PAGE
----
Thursday, January 05, 2006

Three Little Words

(Advance for Saturday 1/7/06)

They are words we just can’t get ourselves to say these days.

Denial? Fear? Growing impersonality?

In an age that sees massive “communication” facility, the internet, chat rooms, instant messaging, conjoined ears and cell phones, cable and satellite TV, satellite radio, newspapers, magazines, and an occasional face-to-face conversation, these are words we almost never hear.

Three little words. It was a song title, once. The words were “I love you.”

Then, followed other variations: “go to hell,” or “let’s do lunch.”

But the three little words that are missing from the conceptual vocabularies of many are these:

“I don’t know.”

What is it about us that makes it so hard to admit ignorance? Maybe it’s because we confuse it with stupidity. The former can be cured by learning, the latter cannot.

Remember Rumsfeld’s twisted comment about WMDs? “We know we don’t know, but we don’t know what we don’t know…” Something like that.

That was as close to a public utterance of the Three Little Words that we’ve heard in decades.

We just can’t admit it.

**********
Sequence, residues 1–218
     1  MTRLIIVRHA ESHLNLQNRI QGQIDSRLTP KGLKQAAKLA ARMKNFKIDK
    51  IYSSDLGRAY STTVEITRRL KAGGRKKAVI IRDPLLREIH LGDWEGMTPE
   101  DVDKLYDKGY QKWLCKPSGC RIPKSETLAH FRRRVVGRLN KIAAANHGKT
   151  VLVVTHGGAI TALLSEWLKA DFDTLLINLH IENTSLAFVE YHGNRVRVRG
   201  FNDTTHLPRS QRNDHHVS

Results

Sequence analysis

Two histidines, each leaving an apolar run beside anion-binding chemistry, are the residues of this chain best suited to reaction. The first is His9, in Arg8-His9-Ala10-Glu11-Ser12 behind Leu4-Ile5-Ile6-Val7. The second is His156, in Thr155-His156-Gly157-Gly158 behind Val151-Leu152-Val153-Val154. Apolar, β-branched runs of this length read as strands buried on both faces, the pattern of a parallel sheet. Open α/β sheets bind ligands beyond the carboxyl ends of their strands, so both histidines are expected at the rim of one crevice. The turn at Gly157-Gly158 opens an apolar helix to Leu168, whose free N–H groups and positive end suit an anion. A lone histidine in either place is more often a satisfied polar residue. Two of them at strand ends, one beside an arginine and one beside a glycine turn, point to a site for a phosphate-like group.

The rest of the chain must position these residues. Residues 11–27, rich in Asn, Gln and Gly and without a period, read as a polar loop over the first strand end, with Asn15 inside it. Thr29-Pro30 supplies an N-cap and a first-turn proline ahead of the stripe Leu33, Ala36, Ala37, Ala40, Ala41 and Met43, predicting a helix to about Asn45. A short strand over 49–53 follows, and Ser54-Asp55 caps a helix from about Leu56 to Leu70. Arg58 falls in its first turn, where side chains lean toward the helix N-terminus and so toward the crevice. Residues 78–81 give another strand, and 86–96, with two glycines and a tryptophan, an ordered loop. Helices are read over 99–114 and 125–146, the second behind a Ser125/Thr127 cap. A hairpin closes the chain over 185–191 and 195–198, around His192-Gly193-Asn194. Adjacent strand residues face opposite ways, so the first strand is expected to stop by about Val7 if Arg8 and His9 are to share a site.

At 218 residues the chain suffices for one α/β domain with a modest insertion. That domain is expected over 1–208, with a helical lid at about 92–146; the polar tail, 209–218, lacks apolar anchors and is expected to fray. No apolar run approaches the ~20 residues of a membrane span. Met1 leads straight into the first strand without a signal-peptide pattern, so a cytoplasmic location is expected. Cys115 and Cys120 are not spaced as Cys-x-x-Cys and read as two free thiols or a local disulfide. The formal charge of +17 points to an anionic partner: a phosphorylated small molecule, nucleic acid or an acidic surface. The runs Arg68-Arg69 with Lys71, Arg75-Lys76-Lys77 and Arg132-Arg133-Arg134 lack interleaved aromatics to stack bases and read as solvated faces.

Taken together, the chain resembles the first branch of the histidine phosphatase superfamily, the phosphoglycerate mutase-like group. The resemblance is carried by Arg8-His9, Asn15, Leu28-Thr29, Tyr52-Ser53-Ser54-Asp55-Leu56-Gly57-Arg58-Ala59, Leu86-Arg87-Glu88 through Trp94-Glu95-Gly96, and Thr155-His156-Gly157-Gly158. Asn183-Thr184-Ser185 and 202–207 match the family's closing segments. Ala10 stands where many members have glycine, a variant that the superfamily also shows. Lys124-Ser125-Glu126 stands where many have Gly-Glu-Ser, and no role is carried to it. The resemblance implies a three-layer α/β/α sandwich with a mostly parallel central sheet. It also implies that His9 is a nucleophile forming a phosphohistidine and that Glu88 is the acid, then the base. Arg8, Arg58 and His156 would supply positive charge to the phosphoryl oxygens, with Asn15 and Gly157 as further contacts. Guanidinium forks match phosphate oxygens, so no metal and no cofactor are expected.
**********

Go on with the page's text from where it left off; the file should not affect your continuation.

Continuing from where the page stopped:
We just can’t face it.



Can you imagine a doctor hearing your symptoms (sneezing, coughing, stuffy, runny nose,) and not saying “it’s a virus?” Of course not. “it’s a virus” is doctor speak for “I don’t know.”

Your broker answers your question on whether to buy a particular stock: “well, it depends on whether you want to ‘value’ or ‘growth’ invest.”

Verizon on why your DSL doesn’t work: “It may be because your ‘Internet Explorer’ is corrupted.”

Your auto technician (nee mechanic) on what’s wrong with the car “it might clear up if you changed your fuel injectors and re-set the computer.”

Little Brat’s teacher on why Little Brat can’t read: “probably a confluence of hallmark events in his early life, combined with the possible influence of too many candy bars and the ambience of the classroom.”

The Long Island Railroad on why and how late the train will be: “We have signal and switch problems at Jamaica and as soon’s we get those resolved…”

Dick Cheney on ending the war in Iraq: “(censored.)”

All these things come down to those three little words: “I don’t know.”

Einstein didn’t know, either, but admitted it. He figured on keeping his brain clear of trivia because anything he NEEDED to know and didn’t, he could look up.

Old Al knew something, when he didn’t know something.

We could borrow a little from that famous hairdo. It would simplify life and other seemingly endless variables.

But now, the only time you hear “I don’t know,” is when a thief or murderer is trying to evade the questions of a cross examination. Or a corporate criminal is trying to cover his part in a book cooking.

“I don’t know” should be covered by the first amendment, not the fifth.

I'm Wes Richards. My opinions are my own, but you're welcome to them.™

©wjr 2006

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